The danger in the next big thingBMJ 2014; 348 doi: https://doi.org/10.1136/bmj.g3158 (Published 08 May 2014) Cite this as: BMJ 2014;348:g3158
- Kamran Abbasi, international editor, The BMJ
What is the next big thing? How do we know it when we see it? Is it the burger flipping robot that creates 360 different varieties of burger? What would such burgers taste like? It might be the 3D printing technology that is heralded as part of a new industrial revolution (doi:10.1136/bmj.g2963). Our picture of the week, inevitably rendered in glorious two dimensions, is a plastic skull created with 3D printing and used in an operation in a Dutch hospital. However, this plastic skull is not to be confused with helmets that don’t seem to work in the treatment of infant skull deformities (doi:10.1136/bmj.g2741, doi:10.1136/bmj.g2906).
With drugs, we’re usually informed about the next best thing by a company marketing campaign, a grand announcement at a major conference, or a study published in a medical journal. In fact, usually all three. The positive noise about a new drug emerges quickly. Cautionary messages take longer to be heard, by which time the latest wonder drug may have achieved blockbuster sales—and probably raised concerns about harm.
The incretin based drugs were one such product, the “new darlings of diabetes treatment,” and the biggest breakthrough, apparently, since the discovery of insulin nearly 100 years before. Reviews of the safety profiles of these drugs by the US Food and Drug Administration and the European Medicines Agency prompted an investigation by The BMJ, which last year identified the risk of pancreatic damage (BMJ 2013;346;f3680). Two studies in this week’s issue, a systematic review and meta-analysis of mostly industry funded trials and a cohort study drawn from the UK Clinical Practice Research Datalink practice database, indicate that any risk of acute pancreatitis is likely to be small. Given the available evidence, it is hard to be conclusive, and the potential for pancreatitis should be discussed with patients (doi:10.1136/bmj.g2779, doi:10.1136/bmj.g2366, doi:10.1136/bmj.g2780).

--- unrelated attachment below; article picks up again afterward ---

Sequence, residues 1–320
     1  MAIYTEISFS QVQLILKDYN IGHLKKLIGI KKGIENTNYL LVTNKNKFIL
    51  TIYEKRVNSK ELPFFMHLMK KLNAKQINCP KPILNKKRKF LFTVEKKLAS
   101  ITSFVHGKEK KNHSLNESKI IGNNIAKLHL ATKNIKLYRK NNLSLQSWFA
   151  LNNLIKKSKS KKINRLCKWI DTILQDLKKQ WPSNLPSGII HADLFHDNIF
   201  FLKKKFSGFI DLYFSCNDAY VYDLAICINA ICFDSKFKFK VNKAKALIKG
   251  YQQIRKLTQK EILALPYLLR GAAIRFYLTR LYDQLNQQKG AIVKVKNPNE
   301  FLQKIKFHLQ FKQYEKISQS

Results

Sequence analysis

The next best thing in the world of torture tends to keep a lower profile. Waterboarding was exposed as a frequently used interrogation method in Abu Ghraib, Guantanamo, and the US Central Intelligence Agency’s secret prisons. But what role did doctors play in the abuse of detainees in the “war on terror”? A new report by the Institute of Medicines as a Profession and the Open Society Foundations finds that doctors were “monitoring oxygen saturations during waterboarding, watching for edema in detainees forced to stand in stress positions, and helping increase psychological distress by sharing prisoners’ individual health information with interrogators” (doi:10.1136/bmj.g2947). The report calls for the medical profession to unflinchingly reject involvement in abusive interrogations and suggests legislation to discourage unethical conduct by health professionals towards prisoners.
In an argument to revive a previously best thing, Helena Watson explains why feminism isn’t a dirty word and in medicine needs a revival (doi:10.1136/bmj.g2623). Readers may struggle with the word feminism, says Watson, as it has been tarnished by the caricature of a man hating fundamentalist. An example of women’s broader struggle is an unethical new policy introduced by the International Olympic Committee requiring women with hyperandrogenism to lower testosterone concentrations to compete. The policy effectively outlaws natural physiological variation and condones unnecessary medical intervention (doi:10.1136/bmj.g2926). Perhaps this latest industrial revolution is missing its own age of enlightenment?
Cite this as: BMJ 2014;348:g3158